Spring allergy season is off to an even earlier start this year

Here's how to cope with more pollen.
a women blows her nose into a facial tissue while standing next to blooming white flowers
Spring allergy season is beginning about 20 days earlier in North America. Deposit Photos

After a particularly mild winter in most of the United States, which followed a record warm summer for the planet, seasonal allergy season is kicking into high gear. According to the Asthma and Allergy Foundation of America, more than 80 million Americans suffer from sneezing, itchy eyes, runny nose, and other symptoms of seasonal allergies.  

Climate change is making allergy season worse

A 2021 study found that spring allergy season is beginning about 20 days earlier in North America due to human-caused climate change. Pollen concentrations have risen roughly 20 percent across the country since 1990, with the Midwest and Texas seeing the largest increases. A combination of warmer temperatures, higher concentrations of carbon dioxide, and more precipitation can all contribute to plants producing more pollen longer

This year, the pollen count started particularly early, according to allergist and director of the Loyola Medicine Allergy Count Dr. Rachna Shah. She typically looks at pollen counts in Chicago in April, but saw that tree pollen was already at a moderate level in the middle of February. 

[Related: Climate change is pumping more pollen into allergy season.]

“This season has been so nuts,” Shah told the Associated Press. “Granted, it was a pretty mild winter, but I didn’t expect it to be so early.” 

Shah also believes that this season will be longer than other years, if the weather remains unseasonably warm.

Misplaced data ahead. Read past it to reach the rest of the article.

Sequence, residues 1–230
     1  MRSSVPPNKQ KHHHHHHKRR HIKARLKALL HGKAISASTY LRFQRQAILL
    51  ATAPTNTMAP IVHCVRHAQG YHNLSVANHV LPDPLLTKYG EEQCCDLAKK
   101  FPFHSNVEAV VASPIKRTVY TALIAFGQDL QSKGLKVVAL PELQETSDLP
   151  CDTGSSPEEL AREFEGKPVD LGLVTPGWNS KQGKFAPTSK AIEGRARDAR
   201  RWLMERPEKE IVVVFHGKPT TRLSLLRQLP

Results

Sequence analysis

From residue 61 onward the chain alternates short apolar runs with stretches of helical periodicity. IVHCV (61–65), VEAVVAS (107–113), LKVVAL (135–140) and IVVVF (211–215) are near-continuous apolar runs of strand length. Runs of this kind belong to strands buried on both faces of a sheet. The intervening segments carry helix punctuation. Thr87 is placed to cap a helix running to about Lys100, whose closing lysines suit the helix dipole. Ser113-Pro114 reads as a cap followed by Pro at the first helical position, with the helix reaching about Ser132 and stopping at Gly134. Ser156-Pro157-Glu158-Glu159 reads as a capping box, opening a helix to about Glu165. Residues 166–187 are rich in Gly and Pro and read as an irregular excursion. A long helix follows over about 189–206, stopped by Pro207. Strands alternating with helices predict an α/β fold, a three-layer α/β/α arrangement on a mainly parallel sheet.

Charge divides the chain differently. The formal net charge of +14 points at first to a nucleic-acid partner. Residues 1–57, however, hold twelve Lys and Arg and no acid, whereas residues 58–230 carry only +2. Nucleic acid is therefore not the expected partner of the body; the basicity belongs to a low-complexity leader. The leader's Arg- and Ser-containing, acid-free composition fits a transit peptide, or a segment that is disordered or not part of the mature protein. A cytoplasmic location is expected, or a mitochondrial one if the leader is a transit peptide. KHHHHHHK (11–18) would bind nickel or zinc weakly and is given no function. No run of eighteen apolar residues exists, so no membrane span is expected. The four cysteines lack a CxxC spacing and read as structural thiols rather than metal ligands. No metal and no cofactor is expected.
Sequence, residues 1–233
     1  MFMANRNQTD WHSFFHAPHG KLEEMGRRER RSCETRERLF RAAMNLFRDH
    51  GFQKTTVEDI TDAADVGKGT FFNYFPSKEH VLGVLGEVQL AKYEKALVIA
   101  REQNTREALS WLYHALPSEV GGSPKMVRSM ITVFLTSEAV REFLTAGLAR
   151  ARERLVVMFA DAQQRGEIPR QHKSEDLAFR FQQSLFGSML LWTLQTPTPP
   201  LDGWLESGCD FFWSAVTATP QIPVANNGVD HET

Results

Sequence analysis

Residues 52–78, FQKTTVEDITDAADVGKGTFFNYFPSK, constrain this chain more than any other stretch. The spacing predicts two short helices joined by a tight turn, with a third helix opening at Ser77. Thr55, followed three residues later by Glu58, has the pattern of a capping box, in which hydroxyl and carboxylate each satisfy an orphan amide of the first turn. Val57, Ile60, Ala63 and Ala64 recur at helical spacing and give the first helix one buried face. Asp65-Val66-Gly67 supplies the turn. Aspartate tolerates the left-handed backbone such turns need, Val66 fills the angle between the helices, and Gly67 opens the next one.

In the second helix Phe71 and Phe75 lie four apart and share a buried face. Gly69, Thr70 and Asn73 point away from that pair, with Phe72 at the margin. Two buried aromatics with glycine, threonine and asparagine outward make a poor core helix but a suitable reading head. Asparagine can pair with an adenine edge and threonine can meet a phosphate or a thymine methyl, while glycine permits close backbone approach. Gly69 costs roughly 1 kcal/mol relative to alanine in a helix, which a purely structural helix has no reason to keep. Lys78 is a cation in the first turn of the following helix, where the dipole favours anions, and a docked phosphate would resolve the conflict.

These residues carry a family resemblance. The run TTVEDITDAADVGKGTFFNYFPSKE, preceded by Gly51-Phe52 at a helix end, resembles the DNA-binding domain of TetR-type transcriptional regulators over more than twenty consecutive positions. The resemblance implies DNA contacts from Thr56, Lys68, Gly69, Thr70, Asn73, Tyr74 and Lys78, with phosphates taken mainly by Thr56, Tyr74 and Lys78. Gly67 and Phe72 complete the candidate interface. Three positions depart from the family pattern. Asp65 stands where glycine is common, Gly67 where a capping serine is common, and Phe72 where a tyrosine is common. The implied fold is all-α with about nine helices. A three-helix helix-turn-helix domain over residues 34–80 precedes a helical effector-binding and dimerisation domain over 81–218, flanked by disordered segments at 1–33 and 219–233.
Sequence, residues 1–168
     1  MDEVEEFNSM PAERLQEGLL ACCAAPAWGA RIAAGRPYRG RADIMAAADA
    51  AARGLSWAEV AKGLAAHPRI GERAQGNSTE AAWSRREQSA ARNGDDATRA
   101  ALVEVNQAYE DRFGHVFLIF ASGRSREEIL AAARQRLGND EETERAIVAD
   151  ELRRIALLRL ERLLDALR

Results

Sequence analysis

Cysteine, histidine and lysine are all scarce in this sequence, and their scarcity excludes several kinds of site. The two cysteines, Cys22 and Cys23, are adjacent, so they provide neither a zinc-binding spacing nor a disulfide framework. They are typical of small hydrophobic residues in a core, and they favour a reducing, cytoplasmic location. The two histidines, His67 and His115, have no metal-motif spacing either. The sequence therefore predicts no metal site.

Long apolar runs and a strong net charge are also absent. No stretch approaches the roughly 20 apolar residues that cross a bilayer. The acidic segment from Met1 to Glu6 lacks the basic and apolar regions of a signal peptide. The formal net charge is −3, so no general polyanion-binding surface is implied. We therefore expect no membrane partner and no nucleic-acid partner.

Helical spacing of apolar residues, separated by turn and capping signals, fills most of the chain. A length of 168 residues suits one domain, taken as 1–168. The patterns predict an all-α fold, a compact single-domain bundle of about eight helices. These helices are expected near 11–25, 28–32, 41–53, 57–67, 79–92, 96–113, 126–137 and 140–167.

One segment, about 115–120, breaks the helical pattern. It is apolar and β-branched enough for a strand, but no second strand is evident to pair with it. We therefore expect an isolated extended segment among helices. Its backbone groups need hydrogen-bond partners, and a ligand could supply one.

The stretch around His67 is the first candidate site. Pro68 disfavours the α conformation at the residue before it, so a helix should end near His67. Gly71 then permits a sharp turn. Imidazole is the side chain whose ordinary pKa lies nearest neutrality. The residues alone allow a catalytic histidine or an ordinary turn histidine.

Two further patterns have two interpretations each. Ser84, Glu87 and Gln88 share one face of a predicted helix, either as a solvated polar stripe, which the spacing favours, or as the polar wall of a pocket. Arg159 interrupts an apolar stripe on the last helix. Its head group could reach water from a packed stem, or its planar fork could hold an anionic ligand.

What are some triggers for seasonal allergies?

Pollen from growing trees and other plants is one of the most common triggers of seasonal allergies. In the early spring, tree pollen tends to be the biggest allergy trigger, with grass and weed pollen following. 

Ragweed, goldenrod, dust, and mold can also trigger allergies for some. 

Is it a cold or allergies?

Since allergies typically come with sneezing, coughing, itchy eyes, and sore throat, it can be hard to tell them apart from the common cold. According to Dr. Rita Kachru, chief of clinical allergy and immunology at UCLA Health, muscle pain, joint aches, fatigue, and fever is a sure sign that these symptoms are from a cold and not allergies.

Symptoms flaring up around the same time every year and having a family history of seasonal allergies are also helpful in determining what’s causing the symptoms.

How to manage symptoms

According to the Mayo Clinic, one of the first things to do is reduce exposure. This can mean avoiding going outside on windy days when pollen is blowing around, changing clothes and showering after coming inside, and even rinsing out your nasal passages. The best time to go outside is after a good rainfall, when some pollen has been washed away. You can also monitor pollen counts in your area online or during weather forecasts. 

[Related: It’s time you really understood what allergies mean.]

There are also several over-the-counter remedies available in both oral and nasal spray form that can help with symptoms when taken correctly. These include fexofenadine (Allegra), loratadine (Claritin), levocetirizine (Xyzal), and cetirizine (Zyrtec). Some common steroid nasal sprays include budesonide (Benacort), fluticasone (Flonase), triamcinolone (Nasacort) and mometasone (Nasonex).

Medical professionals do caution against using products that have pseudoephedrine, such as Sudafed, for more than a day or two. These medications can increase heart rate and blood pressure. A task force of physicians also issued guidelines in 2020 that did not recommend using Benadryl to treat allergies. The medication can have sedative effects and cause confusion in some patients.

If symptoms are severe and last for several months, it is important to speak with a medical professional and potentially get tested to see exactly what the body is reacting to. There are also long term allergy shots avaialbe that can help with more severe reactions.